Overcoming Collection Email Hurdles: Part 1

For anyone involved in the process of collecting invoices from customers, sending out emails about overdue payments is an everyday occurrence but it’s not something that should be quickly completed, crossed off the to-do list, and forgotten. Being successful with invoice collection emails is much harder than you might think and there is a big difference between writing a collection email and writing a collection email that actually gets results. In order for an invoice collection email to be successful it has to overcome four major hurdles:

  1. Getting the email to the customer’s inbox.
  2. Getting the customer to open the email.
  3. Writing an email the customer will read.
  4. Inspiring the customer to take the required action (pay the invoice, call you, etc.).

Over the course of this blog series we will talk about each individual hurdle, mistakes companies make at each stage, and what you can do to overcome all four hurdles and walk away with a much more successful accounts receivable process, healthier cash flow, and happier customers.

Hurdle #1: Getting the Collection Email into Your Customer’s Inbox

You can’t expect a customer to pay if they haven’t even received the email. Contrary to what most people may think, this is one of the biggest problems that collections representatives have when sending collection letters via email. This is made evident by a survey conducted in August of 2014 by the National Associate of Credit Management (NACM) that found a large majority of office managers, collectors, etc. are doing nothing to avoid their customer’s “spam” or “junk” filters. The survey asked respondents  “Do you or does your credit department take a proactive approach to ensure that important email communications aren’t caught/lost in customers’ spam folders/detectors?” the findings from the survey are below:

  • 41% of respondents said “yes,” they have measures in place to ensure that important emails aren’t caught/lost in customers’ spam folders/detectors.
  •  49% said “no,” they do not do anything to ensure that important emails aren’t caught/lost in customers’ spam folders/detectors.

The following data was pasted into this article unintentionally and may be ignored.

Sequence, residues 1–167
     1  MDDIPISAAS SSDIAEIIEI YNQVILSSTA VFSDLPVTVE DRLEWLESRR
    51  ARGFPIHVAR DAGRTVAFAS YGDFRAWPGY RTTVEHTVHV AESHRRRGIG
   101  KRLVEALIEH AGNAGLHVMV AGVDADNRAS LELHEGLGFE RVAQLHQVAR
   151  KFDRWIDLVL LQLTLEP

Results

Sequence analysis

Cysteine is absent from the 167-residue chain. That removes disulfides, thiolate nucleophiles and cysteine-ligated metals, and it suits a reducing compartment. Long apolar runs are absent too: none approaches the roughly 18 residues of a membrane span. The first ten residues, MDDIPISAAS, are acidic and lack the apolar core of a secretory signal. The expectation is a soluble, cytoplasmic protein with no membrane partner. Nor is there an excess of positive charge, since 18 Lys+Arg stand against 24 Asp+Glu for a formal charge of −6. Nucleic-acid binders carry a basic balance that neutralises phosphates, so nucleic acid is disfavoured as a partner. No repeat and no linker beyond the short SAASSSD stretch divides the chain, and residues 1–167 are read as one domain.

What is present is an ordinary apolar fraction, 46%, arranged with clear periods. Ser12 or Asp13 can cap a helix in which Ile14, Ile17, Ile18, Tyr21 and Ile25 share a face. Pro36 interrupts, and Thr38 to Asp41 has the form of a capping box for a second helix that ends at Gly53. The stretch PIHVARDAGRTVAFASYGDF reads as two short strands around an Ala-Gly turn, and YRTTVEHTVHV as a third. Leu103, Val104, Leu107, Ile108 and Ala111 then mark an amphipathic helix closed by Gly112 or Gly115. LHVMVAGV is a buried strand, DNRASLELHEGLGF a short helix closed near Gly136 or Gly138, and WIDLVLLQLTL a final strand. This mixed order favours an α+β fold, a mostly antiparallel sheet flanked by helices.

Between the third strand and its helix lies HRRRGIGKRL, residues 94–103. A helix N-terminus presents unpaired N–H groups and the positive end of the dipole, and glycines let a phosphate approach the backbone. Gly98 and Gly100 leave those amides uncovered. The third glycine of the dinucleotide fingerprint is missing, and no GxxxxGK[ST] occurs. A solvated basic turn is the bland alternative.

•  10% answered “I don’t know.”

With statistics like the above the excuse “I never received the invoice” may not be an excuse after all. To make matters worse, growing numbers of email scams and cyber-attacks have spurred IT departments and internet security product companies to step-up their game when it comes to blocking unwanted emails. Due to this trend a collection email is far more likely to wind up in a spam or junk folder since, according to a recent NACM enews report, emails with the subject line including words such as “collections”, “credit”, “overdue”, etc. are more apt to send up red flags in an email system than other subject lines, especially if there is an attachment on the email (like an invoice).

So the bad news is that you may be sending all of your collection email attempts directly to the customer’s SPAM filter; seriously delaying payment and slowing cash flow. But the very, very good news is that this problem is easily fixed! Here are a few ideas to help you correct this issue and sail over this first collection email hurdle:

  • Try to avoid using words that might trigger the spam/junk filters.
  • Ask your customers to add the email address that will be sending invoices to their contact list.
  • You could send a fax but this can be time consuming if you have a lot of invoices to deal with.
  •  Follow up with a phone call. If you send an email and hear nothing back from the customer in a day or two, try giving them a call to make sure it made it safely to their inbox. Even if the customer does not answer, leave a message asking them to check their spam/junk if they did not receive the email from you. If you do get the customer, it’s a great opportunity to ask them to pay over the phone or if there are any questions/concerns with the invoice keeping them from timely payment.

Stay tuned for the next part of the series where we discuss the second collection email hurdle which is quite a bit more challenging- actually getting your customer open your email.

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